In every aspect, in every way you could imagine, Ray Lamontagne is imperiled by his own talent. There has rarely been a performance as emotional and painstakingly touching as the one he gave on November 4 at the Citi Performing Arts Center in Boston. Of all the concerts I've seen in my lifetime, Ray Lamontagne places in the top three, teetering between first and second. The passion contained within his performance — his lyrics, his persona, everything down to the length of his folkish beard — completely envelopes the audience. The 3600+ seat theater was completely sold out, and the audience was seemingly left in a state of awe.
Ray is known widely for his lack of communicative performances. He does not give interviews, and you certainly cannot meet the man. Other than his mass of talent, I think that really gives his fans that strange feeling of attachment to him. The impossible, the mystery, that feeling of complete detachment — oddly enough this seems to draw his fans in closer. Entirely through his music he is able to communicate the deepest emotions I have ever felt being projected unto an audience, those of hurt, fear, and supreme love. His lyrics and his presence instill a unique sense of creativity and emotion upon the fans he touches. His voice is downright haunting, much in the same way Ray Charles left his mark on our musical lifetime. Some of the strongest pairings of soul and absolute talent can not only be found amongst his three albums, but above all in in his live performances.
In my own opinion, as well as that of many other fans I have spoken with, it comes across that Ray is one of those artists who is almost incomparable to other singer-songwriters in his genre. However, in some accounts I have come across, others have mentioned him as being somewhat like our generation's Bob Dylan. Some have even stated that he could be placed in the same arena as a slightly more soulful Cat Stevens.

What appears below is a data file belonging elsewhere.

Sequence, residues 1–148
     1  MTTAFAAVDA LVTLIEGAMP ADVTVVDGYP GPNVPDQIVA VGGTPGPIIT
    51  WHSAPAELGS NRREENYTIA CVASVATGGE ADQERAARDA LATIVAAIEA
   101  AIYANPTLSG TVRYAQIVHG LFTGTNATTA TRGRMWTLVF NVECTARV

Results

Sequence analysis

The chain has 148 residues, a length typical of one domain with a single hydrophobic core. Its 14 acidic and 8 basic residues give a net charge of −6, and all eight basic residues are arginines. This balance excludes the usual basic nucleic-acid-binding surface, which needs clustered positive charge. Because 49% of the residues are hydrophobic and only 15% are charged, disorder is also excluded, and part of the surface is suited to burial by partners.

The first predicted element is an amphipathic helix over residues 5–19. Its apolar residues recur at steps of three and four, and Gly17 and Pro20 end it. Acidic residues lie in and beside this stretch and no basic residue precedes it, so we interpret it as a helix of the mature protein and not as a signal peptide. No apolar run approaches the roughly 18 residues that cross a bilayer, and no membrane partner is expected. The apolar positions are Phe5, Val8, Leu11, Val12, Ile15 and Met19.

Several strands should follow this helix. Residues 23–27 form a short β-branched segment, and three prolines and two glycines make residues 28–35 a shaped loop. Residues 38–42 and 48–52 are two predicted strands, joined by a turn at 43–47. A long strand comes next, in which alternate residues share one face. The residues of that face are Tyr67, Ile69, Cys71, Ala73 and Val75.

I could go on here, telling you all about Ray Lamontagne — where he comes from and the life he has led — and the irony that has placed him on a concert stage in a cowboy hat with just an acoustic guitar and memories of words banked together so remorsefully they could break the hardest soul. But in a moment — a simple moment of a guitar chord played so heavily, yet with so much caution — all such information becomes obsolete.
With Ray it truly is all about the music. His dark, dismal, and somber persona can be compared to Trent Reznor. Now I know his music has nothing to do with Nine Inch Nails, but one cannot deny the comparison of two brilliant artists who carry that same form of depersonalization — it's almost as if you don't need to know either man behind the mask. It’s the mystery behind them that makes it what it is. The music is all it's about, which is exactly what Lamontagne is proving.
But this night was different; on this night, 3,600 people witnessed a new man. Some of us might have called what we saw happiness. He joked, he laughed, and he talked. We all talked — about Bob Dylan, of his favorite songs — together as a family. He went on to state how much of an influence Bob Dylan has been on his music, how he would love to cover even one of his simplest songs but felt it would be disrespectful because he could never measure up to such standards of perfection. So if he were to miss a chord, or fumble a beat, he would never be able to forgive himself. That statement all on its own is as powerful in showing the sincerity and honest appreciation for music as it may ever be.
As to not leave us without a special association that each and every person in the room could join in on, he summoned a powerful cover of the Bee Gees' "To Love Somebody," explaining that it's one of those songs that totally just gets under his skin. It was absolutly magical.
He stood on the stage—in silence quite often—racking his brain for the right songs to play. You could tell he wanted to leave an impression; he does not leave a show with empty thoughts. It truly seemed Godly; his presence took over, leaving each and every person it touched open and wanting nothing but more. Well, with the exception of the one woman in the crowd who abruptly screamed, “I want to have your babies, Ray!” She may have wanted a little more.